After a season that saw regular complaints about officiating, the Lions submitted one of about 12 proposals the NFL's Competition Committee received to change instant replay. That's an unusually high number of proposals, reflecting a higher-than-usual angst level over the consistency and accuracy of officiating. The proposals range from slight changes -- allowing reviews of penalties for hits on defenseless receivers -- to allowing reviews of every play in the game.
Lions general manager Martin Mayhew told Detroit reporters at the NFL Scouting Combine that the Lions' proposal would allow coaches to challenge a call if the official throws a flag but would not allow a challenge if an official does not throw a flag. Thus, had that rule been in place this past season, Lions coach Jim Caldwell could have challenged the ruling when officials picked up the flag against the Cowboys, because the flag had already been thrown.
The potential end result of all the proposals: There may be no changes at all.
The committee, which considers rule changes each offseason, met last week in Indianapolis and will convene again in Naples, Florida, next week to formulate proposals to put before coaches, general managers and owners at the league's annual meeting in late March. For now, it's not clear even to members of the committee whether there will be a consensus on any of the proposals to put before the owners for a vote.
According to New York Giants president John Mara, a member of the committee, and Troy Vincent, the NFL's executive vice president for football operations, the proposal that has the best chance to pass is allowing review of hits on defenseless receivers, though Mara said that is far from certain. The argument for allowing challenges to defenseless receiver penalties is essentially the argument for making many more penalties reviewable -- it is a very difficult call to make correctly in real time.
"It's a bang-bang play," Vincent said. "It's one of the toughest to officiate. Was he able to protect himself? It goes back to safety first."
Still, the lack of enthusiasm for greater changes to replay is telling. The NFL typically moves slowly on significant rule changes in part because of concerns about unintended consequences: How will a play be taught and how will it be officiated if a change is made? That's one reason why a modification to the so-called Calvin Johnson rule about what constitutes a catch might be difficult to enact. While the rule as currently constructed is hard for fans to understand -- not what the league wants, Vincent said -- there is also the fear that changes could remove some of the clear, though confounding, parameters that constitute a reception, making it more of a judgment call for officials.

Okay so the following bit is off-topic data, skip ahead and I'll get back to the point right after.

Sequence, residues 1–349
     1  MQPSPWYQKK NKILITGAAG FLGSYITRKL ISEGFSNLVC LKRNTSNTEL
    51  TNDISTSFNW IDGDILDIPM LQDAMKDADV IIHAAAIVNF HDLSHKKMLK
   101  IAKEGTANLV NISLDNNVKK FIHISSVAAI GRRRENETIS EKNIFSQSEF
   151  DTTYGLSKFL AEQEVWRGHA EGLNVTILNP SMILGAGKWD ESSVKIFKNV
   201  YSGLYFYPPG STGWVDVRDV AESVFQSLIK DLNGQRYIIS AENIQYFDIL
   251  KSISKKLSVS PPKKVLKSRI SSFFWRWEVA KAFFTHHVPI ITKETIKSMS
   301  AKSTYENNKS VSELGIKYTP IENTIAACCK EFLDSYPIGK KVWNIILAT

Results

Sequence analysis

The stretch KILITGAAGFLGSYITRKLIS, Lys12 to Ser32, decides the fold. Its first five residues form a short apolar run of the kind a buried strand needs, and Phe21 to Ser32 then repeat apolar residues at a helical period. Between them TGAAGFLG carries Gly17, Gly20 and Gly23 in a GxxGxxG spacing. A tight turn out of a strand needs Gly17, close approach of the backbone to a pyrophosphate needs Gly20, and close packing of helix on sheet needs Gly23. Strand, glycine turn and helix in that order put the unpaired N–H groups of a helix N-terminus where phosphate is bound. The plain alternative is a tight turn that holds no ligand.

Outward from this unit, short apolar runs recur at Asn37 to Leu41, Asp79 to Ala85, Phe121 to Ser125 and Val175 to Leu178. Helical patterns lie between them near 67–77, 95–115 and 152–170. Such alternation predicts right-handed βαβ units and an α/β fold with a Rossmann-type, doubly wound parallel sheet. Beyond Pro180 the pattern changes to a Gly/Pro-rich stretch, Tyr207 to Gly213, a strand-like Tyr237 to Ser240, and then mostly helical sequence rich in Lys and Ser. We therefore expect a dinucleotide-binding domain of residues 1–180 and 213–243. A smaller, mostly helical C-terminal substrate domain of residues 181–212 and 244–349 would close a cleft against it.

While one of the most discussed ideas in recent years has been to allow the review of every play, with a limit on how many challenges each team would be permitted -- Patriots coach Bill Belichick has voiced support for it -- officials cringe at the idea of what Vincent calls "creating fouls." The fear of the consequence of that proposal is simple: Coaches could go on a fishing expedition for a penalty that would negate a big play against their team. Mara said that after the meeting in Indianapolis there was not much support for making every play reviewable.
"We do understand reviewing what was called on the field," Vincent said. "For a coach to potentially challenge something that was not called, we run the risk of creating fouls. 'Yeah, that was a hold. Yeah, that was an illegal hands to the face.' "
"We saw 12 different proposals on replay, which means it's something we have to look at," Vincent added. "You want to get it right, but you could be creating fouls. And long term, if we start here, you just continue adding year in and year out, and is that what you want? You don't want to go down the road of opening Pandora's Box, and this year it's expanding this, and next year it's expanding that."
There is also an undeniable concern that expanding replay undermines officials, who are making calls in real time, only to be second-guessed by frame-by-frame replays. Pass interference is often mentioned as a potential candidate to be made reviewable, but that is in part because it is so often such a big play that -- as the Lions learned -- is called inconsistently from one crew to another. Another solution, Vincent said, might be to eventually make pass interference a 15-yard penalty and not a penalty to the spot of the foul.
"We must keep in mind that officials and players are moving at game speed, and those of us who are making decisions on rules have the luxury of slow-motion video," Vincent said. "Sometimes game speed and rule changes aren't always compatible."
The league will likely use an eighth official during the preseason, as it did last year, in hopes of catching more penalties on interior line play. And the tinkering with the game won't end there. Vincent said the league is likely to continue experimenting with making the extra point kick more difficult in an era when long snappers are specialists and field conditions are often nearly perfect. Last year, the league tried longer extra points in the preseason and narrower goalposts in the Pro Bowl. The extra point conversion rate was 99.3 percent in the regular season. And kickers missed just six of 257 field-goal attempts from 29 yards and in.
There is no consensus yet for a permanent change, Vincent said, but he called the extra point as it is currently executed "a dead play."
"Our efforts are not to remove the foot from the game," Vincent said. "This is to make (the game) more competitive."